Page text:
Turkish Neurosurgery
Functional Reorganization in the Primary Somatosensory Cortex of Rat Following Hind-Paw Amputation: A Study of Functional Imaging with 1.5 Tesla MRI
Murat Ekşi1, Emel Özcan-Ekşi2, Ayça Arslanhan3, Hakan Şirinoğlu4, Sertaç Erbil3, Abuzer Güngör1, Oktay Algın5, Deniz Konya8
1Acıbadem Mehmet Ali Aydınlar University, School of Medicine, Neurosurgery, Istanbul,
2Bahçeşehir University, School of Medicine, Physical Medicine and Rehabilitation, Istanbul,
3Marmara University, Institute of Neurological Sciences, Istanbul,
4Dr. Lütfi Kırdar Kartal Training and Research Hospital, Plastic and Reconstructive Surgery, Istanbul,
5Yıldırım Beyazıt University, Atatürk Training and Research Hospital, Radiology, Ankara,
6National Magnetic Resonance Research Center , Ankara,
7Bilkent University, Aysel Sabuncu Brain Research Center, Ankara,
8Bahçeşehir University School of Medicine, Neurosurgery, Istanbul,
DOI: 10.5137/1019-5149.JTN.25595-18.2

Aim:Trauma and diabetes with concomitant vascular pathologies are leading causes of limb amputations. Functionality following amputation procedures is very important for social re-integration of the patients. In this study, we aimed to learn how rat primary somatosensory cortex (pSSC) responses to the loss of inputs from hind-paw, using fMRI of an inferior magnetic power (1.5 Tesla) with special designed high-powered rat coil. Material and Methods:Ten adult male Sprague-Dawley rats were enrolled in this study. The rats were anesthetized with ketamine injection. Xylazine was intraperitoneally injected for analgesia and muscle relaxation with careful maintenance of spontaneous respiration. Either right or left hind-paws were amputated under aseptic conditions according to predefined random allocation of the rats. A 12-channel rat surface coil developed for proper image resolution in 1.5 Tesla MR was used. Functional magnetic resonance imaging was obtained before hind-paw amputation; 2, 15 and 30 days after the amputation. Results:Activation signals were detected in 5 rats’ contralateral pSSC before the hind-paw amputation with regression and cessation of the signal after the amputation. Signal re-appeared in the contralateral pSSC of only one rat (rat 9) 30 days after the amputation. Conclusion:This study showed that functional plasticity might occur in the pSSC following hind-paw amputation of rats. Further studies are necessary to understand the true nature of the plasticity observed in pSSC, with new and novel measurement techniques on cellular basis rather than gross anatomical one.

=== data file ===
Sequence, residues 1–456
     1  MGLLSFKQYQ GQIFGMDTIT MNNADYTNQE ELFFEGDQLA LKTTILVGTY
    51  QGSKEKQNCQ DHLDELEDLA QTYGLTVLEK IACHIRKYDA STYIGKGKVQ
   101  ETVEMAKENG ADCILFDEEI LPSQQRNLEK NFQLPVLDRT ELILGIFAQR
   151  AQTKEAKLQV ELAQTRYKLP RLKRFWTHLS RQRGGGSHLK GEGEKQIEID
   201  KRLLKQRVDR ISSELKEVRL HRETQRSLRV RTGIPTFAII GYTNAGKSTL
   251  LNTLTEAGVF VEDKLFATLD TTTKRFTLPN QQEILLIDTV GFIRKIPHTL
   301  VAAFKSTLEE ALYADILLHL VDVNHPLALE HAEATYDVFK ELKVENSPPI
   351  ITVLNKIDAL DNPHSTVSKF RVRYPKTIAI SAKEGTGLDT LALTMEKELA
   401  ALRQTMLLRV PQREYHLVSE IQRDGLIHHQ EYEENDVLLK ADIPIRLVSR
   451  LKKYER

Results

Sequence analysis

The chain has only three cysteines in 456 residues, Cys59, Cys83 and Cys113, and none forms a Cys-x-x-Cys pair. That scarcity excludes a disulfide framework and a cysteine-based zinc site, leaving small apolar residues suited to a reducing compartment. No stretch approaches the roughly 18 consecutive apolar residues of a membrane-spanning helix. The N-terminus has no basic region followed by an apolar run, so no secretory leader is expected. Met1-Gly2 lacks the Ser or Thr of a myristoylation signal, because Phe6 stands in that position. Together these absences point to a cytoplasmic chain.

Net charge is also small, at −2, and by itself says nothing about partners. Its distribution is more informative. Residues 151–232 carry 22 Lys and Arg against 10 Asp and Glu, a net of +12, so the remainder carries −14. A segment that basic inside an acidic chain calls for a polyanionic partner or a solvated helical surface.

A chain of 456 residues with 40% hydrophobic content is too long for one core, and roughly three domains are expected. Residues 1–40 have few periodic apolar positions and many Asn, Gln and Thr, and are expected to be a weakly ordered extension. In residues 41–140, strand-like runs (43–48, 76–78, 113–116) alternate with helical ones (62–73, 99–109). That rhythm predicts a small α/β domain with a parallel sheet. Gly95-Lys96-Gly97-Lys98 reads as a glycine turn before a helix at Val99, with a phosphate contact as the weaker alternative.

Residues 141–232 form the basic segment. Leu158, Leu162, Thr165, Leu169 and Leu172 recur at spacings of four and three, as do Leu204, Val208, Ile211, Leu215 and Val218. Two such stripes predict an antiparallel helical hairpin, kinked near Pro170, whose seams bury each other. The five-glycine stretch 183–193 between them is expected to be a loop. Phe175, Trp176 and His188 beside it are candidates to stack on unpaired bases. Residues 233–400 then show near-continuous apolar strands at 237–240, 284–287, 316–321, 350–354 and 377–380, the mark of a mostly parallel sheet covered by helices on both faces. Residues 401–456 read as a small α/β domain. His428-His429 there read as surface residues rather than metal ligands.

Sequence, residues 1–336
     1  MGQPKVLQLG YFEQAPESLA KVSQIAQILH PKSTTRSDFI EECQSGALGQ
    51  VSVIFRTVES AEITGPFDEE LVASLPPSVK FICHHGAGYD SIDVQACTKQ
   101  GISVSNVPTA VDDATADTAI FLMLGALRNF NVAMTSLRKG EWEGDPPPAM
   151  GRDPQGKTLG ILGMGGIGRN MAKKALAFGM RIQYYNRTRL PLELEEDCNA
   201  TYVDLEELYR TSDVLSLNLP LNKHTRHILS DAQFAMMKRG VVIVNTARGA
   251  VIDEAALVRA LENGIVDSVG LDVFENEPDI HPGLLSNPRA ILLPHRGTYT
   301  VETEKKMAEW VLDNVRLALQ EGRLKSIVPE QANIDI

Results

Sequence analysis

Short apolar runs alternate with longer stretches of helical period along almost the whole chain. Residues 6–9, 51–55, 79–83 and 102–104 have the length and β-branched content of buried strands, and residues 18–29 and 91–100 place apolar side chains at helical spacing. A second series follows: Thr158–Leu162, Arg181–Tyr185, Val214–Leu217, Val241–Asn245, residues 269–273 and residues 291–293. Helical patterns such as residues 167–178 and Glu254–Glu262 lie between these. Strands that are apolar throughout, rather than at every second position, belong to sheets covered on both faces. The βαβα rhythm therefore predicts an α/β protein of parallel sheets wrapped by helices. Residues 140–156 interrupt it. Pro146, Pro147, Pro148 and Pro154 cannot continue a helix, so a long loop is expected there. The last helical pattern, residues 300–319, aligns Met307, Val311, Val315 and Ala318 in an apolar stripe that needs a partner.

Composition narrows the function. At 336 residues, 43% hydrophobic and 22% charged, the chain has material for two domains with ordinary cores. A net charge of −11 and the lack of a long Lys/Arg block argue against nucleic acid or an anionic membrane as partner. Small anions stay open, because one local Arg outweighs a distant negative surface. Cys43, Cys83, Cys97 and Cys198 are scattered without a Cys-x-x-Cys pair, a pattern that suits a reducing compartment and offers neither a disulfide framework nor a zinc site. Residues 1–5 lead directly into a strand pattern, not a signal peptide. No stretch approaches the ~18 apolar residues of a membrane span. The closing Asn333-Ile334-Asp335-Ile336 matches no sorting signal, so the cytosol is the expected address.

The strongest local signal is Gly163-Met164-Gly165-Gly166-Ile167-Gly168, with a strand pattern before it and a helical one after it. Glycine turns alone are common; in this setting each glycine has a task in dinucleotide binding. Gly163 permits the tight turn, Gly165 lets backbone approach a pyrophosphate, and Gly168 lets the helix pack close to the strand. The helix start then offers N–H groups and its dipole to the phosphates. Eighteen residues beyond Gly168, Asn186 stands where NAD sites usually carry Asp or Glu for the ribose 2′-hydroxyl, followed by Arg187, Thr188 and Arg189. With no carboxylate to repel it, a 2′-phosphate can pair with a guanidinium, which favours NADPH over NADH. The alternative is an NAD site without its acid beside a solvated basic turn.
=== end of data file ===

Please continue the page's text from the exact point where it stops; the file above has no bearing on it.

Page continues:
Corresponding author : Murat Ekşi